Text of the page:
Galatians 4:9 But now, after that ye have known God, or rather are known of God, how turn ye again to the weak and beggarly elements, whereunto ye desire again to be in bondage? (KJV)

What is Paul implying by this verse? Are these to who he speaks considered to be saved by today’s standard? Paul speaking to these had stated of them:

Galatians 4:6 Because you are sons, God has sent forth the Spirit of His Son into our hearts, crying, “Abba! Father!” (NASB1995)

But the previous is not the critical question. Paul is not making a judgment here as to a man’s not having been saved based on his willingness to forgo the gospel, but as to why they may want to return or turn after being born of the Spirit to bondage under the law? He does not want as part of man’s belief that he should by his own efforts keep the laws of Christ. In fact, this mindset is implied by Paul to be a denial of Christ and the gospel.

If one is saved but is now willing to walk in the flesh rather than the Spirit, is this not a fall?

“Every branch in me that doesn’t bear fruit, He takes away. (What is fruit bearing in a believer?)
Every branch that bears fruit, He prunes, that it may bear more fruit”. John 15:2

Galatians 3:22 But the scripture hath concluded all under sin, that the promise by faith of Jesus Christ might be given to them that believe. (KJV)

Over and over again belief is key to receiving Christ through the gift of faith leading to salvation.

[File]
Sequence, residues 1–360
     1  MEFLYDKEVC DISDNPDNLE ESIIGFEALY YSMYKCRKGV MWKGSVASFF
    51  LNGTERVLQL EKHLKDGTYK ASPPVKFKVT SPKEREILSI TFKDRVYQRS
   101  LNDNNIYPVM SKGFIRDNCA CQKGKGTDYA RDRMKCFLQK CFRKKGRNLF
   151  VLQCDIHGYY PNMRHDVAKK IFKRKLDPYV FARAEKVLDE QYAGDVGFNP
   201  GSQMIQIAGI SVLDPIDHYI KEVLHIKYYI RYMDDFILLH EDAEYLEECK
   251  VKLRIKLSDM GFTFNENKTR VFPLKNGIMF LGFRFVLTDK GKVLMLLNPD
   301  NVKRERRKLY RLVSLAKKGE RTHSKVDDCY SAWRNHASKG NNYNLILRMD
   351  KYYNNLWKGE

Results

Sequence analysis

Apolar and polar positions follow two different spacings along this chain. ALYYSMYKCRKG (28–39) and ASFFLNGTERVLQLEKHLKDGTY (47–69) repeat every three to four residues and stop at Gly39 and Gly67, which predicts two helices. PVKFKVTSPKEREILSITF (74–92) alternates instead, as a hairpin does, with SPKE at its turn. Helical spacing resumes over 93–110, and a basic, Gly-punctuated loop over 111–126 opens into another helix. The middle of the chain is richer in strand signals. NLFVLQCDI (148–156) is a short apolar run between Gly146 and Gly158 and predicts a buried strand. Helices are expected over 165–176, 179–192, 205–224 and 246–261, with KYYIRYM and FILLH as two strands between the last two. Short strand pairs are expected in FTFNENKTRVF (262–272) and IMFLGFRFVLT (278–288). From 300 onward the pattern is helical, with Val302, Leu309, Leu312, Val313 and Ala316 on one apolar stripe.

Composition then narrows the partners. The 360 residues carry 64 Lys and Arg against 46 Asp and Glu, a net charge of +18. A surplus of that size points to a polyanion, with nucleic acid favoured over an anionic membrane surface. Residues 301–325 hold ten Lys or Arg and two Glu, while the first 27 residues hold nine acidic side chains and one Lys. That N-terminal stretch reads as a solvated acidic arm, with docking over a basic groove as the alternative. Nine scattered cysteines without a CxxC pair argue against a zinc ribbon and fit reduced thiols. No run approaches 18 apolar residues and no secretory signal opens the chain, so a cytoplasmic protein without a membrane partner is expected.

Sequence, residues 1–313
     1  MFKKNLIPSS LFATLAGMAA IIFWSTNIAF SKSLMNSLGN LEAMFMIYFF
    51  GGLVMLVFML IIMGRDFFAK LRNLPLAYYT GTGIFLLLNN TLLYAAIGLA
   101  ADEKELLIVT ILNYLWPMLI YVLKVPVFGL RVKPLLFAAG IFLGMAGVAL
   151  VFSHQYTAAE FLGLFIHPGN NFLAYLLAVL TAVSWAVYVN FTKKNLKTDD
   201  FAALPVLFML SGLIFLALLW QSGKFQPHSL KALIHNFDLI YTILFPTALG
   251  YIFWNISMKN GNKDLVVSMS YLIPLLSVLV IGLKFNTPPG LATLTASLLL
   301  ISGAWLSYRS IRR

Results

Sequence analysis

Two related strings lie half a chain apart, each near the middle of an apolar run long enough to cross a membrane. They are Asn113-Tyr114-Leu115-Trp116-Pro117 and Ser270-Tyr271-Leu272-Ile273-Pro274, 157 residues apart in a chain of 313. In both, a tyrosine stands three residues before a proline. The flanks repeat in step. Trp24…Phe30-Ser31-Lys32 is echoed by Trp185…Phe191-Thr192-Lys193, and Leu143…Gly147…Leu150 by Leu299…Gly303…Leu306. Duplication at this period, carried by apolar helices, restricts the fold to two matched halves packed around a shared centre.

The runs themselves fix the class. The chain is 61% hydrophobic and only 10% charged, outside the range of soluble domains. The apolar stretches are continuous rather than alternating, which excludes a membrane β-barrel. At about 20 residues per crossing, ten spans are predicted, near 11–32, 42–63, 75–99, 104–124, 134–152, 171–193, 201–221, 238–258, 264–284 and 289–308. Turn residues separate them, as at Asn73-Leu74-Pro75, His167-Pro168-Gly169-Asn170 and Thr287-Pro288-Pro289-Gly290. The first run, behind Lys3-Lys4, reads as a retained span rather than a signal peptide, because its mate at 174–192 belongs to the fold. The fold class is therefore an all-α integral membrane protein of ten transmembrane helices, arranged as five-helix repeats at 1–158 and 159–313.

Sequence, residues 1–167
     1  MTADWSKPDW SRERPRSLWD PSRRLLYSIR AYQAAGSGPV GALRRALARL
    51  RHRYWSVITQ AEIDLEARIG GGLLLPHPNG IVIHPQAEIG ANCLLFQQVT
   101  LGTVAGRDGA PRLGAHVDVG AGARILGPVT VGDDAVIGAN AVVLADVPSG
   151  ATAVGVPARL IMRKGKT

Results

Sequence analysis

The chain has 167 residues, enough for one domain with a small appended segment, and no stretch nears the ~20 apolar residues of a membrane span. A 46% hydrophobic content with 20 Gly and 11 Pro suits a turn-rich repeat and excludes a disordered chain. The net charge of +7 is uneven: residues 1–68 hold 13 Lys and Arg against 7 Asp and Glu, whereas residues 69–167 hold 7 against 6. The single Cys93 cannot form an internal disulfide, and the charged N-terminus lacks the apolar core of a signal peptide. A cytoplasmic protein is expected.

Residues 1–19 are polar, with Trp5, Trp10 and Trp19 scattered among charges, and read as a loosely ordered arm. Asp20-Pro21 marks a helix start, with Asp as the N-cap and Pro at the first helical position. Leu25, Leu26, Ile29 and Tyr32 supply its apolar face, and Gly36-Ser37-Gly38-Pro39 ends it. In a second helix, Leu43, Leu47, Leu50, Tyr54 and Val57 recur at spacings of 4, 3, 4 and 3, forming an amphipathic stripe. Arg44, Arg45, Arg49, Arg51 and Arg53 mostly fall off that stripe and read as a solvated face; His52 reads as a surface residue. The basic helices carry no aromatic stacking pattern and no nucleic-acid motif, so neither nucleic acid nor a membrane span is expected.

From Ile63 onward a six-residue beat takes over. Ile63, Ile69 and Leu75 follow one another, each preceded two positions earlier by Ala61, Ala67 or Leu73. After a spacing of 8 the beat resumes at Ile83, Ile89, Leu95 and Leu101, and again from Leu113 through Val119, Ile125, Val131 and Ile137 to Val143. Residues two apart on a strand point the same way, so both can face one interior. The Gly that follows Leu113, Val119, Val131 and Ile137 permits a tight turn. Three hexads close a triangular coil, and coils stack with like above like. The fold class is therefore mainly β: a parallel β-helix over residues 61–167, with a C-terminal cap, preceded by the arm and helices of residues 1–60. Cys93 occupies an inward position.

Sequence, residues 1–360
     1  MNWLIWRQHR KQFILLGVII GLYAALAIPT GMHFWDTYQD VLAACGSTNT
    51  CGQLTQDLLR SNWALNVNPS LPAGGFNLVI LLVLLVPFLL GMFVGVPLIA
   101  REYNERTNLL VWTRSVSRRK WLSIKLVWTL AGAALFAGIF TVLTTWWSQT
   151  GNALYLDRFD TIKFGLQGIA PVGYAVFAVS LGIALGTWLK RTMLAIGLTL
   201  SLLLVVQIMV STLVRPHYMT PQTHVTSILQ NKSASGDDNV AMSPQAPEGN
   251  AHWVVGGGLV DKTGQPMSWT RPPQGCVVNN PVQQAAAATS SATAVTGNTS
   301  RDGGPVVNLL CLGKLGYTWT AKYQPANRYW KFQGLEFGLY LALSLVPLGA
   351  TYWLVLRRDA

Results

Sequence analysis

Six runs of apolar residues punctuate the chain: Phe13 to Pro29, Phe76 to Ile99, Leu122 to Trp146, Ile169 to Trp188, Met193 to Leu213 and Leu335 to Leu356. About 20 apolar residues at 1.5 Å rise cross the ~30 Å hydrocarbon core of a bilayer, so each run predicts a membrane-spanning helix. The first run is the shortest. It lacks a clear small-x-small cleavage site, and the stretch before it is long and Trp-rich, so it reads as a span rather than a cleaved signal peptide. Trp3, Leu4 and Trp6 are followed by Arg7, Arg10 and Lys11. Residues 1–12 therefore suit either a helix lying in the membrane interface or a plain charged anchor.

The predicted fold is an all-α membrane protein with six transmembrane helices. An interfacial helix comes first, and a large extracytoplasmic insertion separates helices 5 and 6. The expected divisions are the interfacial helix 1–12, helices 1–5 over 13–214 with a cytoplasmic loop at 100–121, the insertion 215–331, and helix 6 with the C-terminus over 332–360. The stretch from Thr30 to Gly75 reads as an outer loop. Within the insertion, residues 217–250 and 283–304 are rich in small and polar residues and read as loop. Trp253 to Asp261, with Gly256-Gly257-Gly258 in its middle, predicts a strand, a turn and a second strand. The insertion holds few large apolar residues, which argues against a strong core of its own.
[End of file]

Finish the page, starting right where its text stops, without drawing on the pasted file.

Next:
Is a decision to follow the flesh rather than the Spirit then a denial of Christ, or a refusal to abide in Him (in His righteousness)? In the Galatians verses Paul is teaching Believers that they should not put their trust in works of the flesh for their Salvation, for to do so would be to accept another gospel, and there is no other gospel. To accept another gospel, according to Paul, would be to accept another Jesus. God sent His Son to provide a new covenant by His blood. This covenant promise is to write His law on our hearts, and give us power to become the sons of God (Jn 1). It is not by our effort, but by obedience to the Spirit, that He imposters us for the bearing of fruit.

Many today in fact teach another gospel. It may take differing forms. Some call it the gospel of the kingdom which they state is for a future salvation of Israel. And they in effect then must deny that the Jesus who saved them will save those in the Tribulation differently. They put Tribulation saints back under the law, which Paul says cannot save, and they do that without the promised Holy Spirit’s indwelling, for He is removed.